Pseudonym: Dagnillo, Chester
04/27/66: Dispatch from Chief, WH Division to COS, Port-au-Prince: "Transmitted herewith are prints as requested in reference. Although it appears some of the prints are duplicates, Headquarters is returning one print only of each of the fifteen negatives forwarded by Station for processing. Chester B. Dagnillo."
10/03/67: Memo from Chief, Western Hemisphere Division, William V. Broe to Central Cover Staff/Non-Official: Subject: Non-Official Cover Request for Peter J. Di Gerveno (p):
11/13/67: Dispatch from COS, Caracas to Chief, Western Hemisphere Division: Subject: Cover for Peter J. Di Gerveno: "1. The cover for Peter J. Di Gerveno was discussed by Robert S. Hunkeler, Chester B. Dagnillo and the undersigned on 7 and 9 November 1967. The purpose of the conversation was to determine the most suitable cover to be used under the broad umbrella offered by Hunkeler's various enterprises. 2. The following conclusions were reached: a. That Di Gerveno will come Caracas as the representative for some of Hunkeler's sales lines. Specifically he will be representative for IDENTITY-1, which is Hunkeler's marketing firm. b. In addition to representing IDENTITY-1, generally he will specifically be IDENTITY-1's sales agent for IDENTITY-2; IDENTITY-3; and IDENTITY-4 and possibly for IDENTITY-5..."
01/02/73: Biographic Profile of William V. Broe: Broe was Chief, Western Hemisphere Division from July, 1965 to January 1972.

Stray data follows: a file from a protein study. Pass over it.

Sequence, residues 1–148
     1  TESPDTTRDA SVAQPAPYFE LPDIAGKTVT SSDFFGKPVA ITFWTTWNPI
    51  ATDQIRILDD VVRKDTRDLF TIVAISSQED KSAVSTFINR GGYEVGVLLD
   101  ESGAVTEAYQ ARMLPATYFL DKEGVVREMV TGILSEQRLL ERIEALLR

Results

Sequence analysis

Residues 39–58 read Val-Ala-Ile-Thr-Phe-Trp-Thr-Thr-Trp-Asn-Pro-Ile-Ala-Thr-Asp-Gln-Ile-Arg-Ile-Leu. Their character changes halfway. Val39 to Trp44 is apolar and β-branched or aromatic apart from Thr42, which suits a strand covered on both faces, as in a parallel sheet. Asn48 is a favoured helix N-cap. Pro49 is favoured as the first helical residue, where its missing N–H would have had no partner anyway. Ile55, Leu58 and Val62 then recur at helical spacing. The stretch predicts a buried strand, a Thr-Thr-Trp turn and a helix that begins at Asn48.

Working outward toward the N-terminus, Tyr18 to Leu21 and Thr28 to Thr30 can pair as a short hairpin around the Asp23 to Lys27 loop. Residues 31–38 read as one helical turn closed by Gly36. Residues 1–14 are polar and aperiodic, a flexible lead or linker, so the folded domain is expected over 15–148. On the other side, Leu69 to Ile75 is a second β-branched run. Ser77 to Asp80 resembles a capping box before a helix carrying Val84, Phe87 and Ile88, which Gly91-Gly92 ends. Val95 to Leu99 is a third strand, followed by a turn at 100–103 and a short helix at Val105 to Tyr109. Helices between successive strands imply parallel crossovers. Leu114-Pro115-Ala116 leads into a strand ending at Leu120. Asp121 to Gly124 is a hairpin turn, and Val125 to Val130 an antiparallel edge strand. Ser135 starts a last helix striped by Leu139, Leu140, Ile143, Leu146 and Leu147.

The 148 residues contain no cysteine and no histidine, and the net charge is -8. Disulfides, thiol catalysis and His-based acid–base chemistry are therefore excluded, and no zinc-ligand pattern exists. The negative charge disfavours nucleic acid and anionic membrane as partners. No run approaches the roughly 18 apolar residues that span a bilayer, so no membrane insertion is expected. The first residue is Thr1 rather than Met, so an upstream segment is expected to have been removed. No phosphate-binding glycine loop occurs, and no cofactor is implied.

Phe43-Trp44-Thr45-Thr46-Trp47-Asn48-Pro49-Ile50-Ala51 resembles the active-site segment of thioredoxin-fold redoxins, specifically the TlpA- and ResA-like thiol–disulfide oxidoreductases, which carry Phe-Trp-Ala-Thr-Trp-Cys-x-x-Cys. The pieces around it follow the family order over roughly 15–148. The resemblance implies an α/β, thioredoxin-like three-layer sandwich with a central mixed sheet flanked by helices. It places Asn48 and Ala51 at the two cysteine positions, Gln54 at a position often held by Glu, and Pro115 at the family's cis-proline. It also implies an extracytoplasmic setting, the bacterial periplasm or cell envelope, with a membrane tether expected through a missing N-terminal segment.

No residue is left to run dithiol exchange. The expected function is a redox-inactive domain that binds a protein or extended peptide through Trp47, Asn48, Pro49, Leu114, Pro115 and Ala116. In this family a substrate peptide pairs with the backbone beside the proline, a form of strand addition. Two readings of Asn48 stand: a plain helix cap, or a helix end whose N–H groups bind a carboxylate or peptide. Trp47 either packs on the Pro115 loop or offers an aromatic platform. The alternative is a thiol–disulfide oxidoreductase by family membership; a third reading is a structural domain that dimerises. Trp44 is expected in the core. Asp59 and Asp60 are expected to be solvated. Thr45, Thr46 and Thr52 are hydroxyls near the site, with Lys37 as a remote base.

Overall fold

10/31/2010: Obituary on the Boston Globe website from the Washington Post: Headlined: William Broe, 97; oversaw CIA efforts to oust Allende: "WASHINGTON — William V. Broe, 97, a CIA officer who rose to become chief of operations in the Western Hemisphere and oversaw the agency’s covert missions to destabilize the government of Salvador Allende, Chile’s Marxist president, died of congestive heart failure Sept. 28 at a nursing home in Hingham, Mass. He was a resident of North Scituate. Mr. Broe was an FBI special agent before joining the fledgling CIA in 1948. He held many assignments in the Far East as he worked his way up the organizational ranks. He was station chief in Toyko before becoming chief of the Western Hemisphere division in 1965. He held that job for seven years, during which time the division conducted clandestine operations in South America. Many of its efforts were a response to government concerns about the possible spread of communism and Soviet influence. In March 1973, Mr. Broe made headlines after his 'unprecedented' appearance before Senate investigators looking into CIA activities in South America. Specifically, the investigators were interested in the agency’s alleged collaboration with International Telephone and Telegraph to interfere in Chilean political affairs. ITT had worked actively against Allende’s election in 1970, spending hundreds of thousands of dollars to fund political opposition. Once Allende was in power, the conglomerate feared its business interests in Chile would be nationalized. Mr. Broe’s testimony marked the first time an active clandestine agent of the CIA spoke on the record for a Senate probe. In his testimony, Mr. Broe said that he had met several times with ITT chief executive Harold Geneen and senior vice president Edward Gerrity under direct orders from Central Intelligence Director Richard Helms." (CONTINUED BELOW).